I really just start writing riffs with no real end goal and listen back to them and classify them. Some may sound like good openers, mid-section riffs, verses, choruses, ya know, proper song writing! We come up with riffs either at practice on the fly or I’ll have a great riff come to me and have to hum it into my phone’s recorder because I’m busy driving! There’s no rules here!
How did the recording process go?
Recording went very well. Having had recorded our demo and the ‘Covered in Conflict’ split, we were pretty much ready to reload and attack a full album. Greg Klaiber did an amazing job capturing the sound we wanted. Joel Grind also did an amazing job. We played with his band Toxic Holocaust a few weeks before hand so I was very happy he had a chance to hear us live before mixing and mastering it. The best compliment we’ve gotten so far is simply that our album sounds just like us. No bullshit and straight forward speedy thrashy metal.
What’s your favourite song on the album and why?
That’s a tough one! I think I’ll have to go with the title track itself. Bedlam is a song where we threw everything we had at it. Like, 3 more songs could have been written with the riffs invested in it. The song was the most recently written song and definitely shows a lot of progress as we’ve gotten more used to writing together. It’s also really fun to play live!
What’s next for the band?
Unleashing Bedlam on the world! We’ll be hitting the road January/February. ‘Bedlam’ releases on 1/14 and we’re doing a 4-date run that weekend across North and South Carolina, then we’ll be joining Hot Graves for a 9-date tour of Florida, South Carolina, and Georgia. We’ll also be playing with Warbringer, Exmortus and our friends Gorbash in February, 2/21 at the Pour House in Raleigh. We’re returning back North this summer as well! Then I guess more writing. I already have a lot of ideas for album #2.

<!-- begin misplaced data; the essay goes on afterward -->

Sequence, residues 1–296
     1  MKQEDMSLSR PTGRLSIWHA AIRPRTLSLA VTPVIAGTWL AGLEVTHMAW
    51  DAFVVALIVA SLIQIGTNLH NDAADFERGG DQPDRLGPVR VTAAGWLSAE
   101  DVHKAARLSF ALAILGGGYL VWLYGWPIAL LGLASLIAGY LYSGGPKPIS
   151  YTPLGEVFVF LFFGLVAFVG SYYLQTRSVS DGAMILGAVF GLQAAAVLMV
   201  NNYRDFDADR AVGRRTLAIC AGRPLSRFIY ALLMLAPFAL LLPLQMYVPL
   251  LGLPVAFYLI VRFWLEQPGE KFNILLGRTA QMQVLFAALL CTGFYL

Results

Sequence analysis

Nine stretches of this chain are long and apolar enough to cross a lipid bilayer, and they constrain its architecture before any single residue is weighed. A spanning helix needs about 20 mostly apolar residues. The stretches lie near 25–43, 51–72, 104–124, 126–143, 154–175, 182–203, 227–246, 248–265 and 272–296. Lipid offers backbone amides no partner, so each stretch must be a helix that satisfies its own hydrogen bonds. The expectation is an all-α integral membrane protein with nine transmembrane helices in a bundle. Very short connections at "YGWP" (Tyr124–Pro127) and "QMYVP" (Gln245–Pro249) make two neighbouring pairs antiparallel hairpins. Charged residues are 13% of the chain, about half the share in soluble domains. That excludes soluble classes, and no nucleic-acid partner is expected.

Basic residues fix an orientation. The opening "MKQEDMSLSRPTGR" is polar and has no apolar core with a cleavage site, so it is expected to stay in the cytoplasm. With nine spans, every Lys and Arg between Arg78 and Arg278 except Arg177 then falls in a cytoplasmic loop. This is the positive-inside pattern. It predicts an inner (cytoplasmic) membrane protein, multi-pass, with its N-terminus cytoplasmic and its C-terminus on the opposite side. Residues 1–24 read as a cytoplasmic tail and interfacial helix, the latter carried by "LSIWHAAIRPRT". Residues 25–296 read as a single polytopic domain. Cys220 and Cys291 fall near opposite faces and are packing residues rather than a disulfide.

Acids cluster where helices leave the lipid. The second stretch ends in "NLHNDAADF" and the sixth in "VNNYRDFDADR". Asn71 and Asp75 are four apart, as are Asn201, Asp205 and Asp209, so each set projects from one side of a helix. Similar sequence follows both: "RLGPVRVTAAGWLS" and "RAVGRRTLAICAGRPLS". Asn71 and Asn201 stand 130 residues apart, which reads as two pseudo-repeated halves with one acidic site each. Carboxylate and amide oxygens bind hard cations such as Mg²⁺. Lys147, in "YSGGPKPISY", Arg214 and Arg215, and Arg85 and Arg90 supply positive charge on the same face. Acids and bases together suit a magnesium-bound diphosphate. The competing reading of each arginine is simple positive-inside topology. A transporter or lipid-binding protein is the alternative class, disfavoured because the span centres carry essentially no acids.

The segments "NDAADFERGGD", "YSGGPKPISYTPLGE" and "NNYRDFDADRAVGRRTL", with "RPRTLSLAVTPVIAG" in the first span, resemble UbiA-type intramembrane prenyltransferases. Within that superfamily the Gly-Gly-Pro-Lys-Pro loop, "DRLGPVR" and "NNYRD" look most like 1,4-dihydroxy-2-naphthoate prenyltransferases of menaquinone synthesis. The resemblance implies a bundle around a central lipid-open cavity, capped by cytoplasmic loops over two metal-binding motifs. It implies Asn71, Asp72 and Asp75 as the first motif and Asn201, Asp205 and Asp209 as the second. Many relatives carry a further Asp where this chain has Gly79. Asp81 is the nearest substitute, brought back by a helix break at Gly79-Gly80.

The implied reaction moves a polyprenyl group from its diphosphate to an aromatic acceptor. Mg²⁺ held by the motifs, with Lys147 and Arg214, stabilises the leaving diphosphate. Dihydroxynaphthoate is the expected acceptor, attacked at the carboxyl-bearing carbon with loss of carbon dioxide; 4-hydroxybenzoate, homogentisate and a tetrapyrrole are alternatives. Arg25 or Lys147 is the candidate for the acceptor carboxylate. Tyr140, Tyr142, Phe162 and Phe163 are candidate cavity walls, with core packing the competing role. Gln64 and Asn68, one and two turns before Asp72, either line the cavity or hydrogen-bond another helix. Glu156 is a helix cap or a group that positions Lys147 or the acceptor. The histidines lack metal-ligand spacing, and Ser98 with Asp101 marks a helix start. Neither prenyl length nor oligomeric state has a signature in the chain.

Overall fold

I receive a lot of music promos, and I have to decide whether I’m going to give them a listen with a view to reviewing them, or not. There are lot of different ways I do this, lots of informal and flexible rules that sometimes vary quite a lot depending on how I’m feeling, what time of day it is, etc. Sometimes though, as with Suppressive Fire’s début, it’s all about the album cover. Something about the cover of Bedlam is just so unashamedly Thrash Metal, but without any retro-cheese-nonsense, that I just had to listen to it.
So here we are. As it turns out, sometimes you can judge the proverbial book by its cover.
Suppressive Fire play aggressive Old-School Death/Thrash Metal with a Blackened edge to it that makes it a far more aggressive proposition than most.
The songs are ugly, gritty and full of barely-contained spite. It’s pretty much a 50/50 mix of Death and Thrash Metal which gives the band an energetic sound that comes out in the riffs and galloping/blasting drums.
Featuring a suitably Old-School sound, the album rockets along powered by chemical weapons and nuclear fear. The guitars are riff-heavy and there’s plenty of solos to sink your teeth into.
It’s a decent collection of songs that have a subtle catchiness to them that initially seems buried under the barbed assault of the delivery, which essentially increases the longevity of the album as the songs don’t become too-familiar, too quickly.
So slip on the riot gear and descend into Bedlam.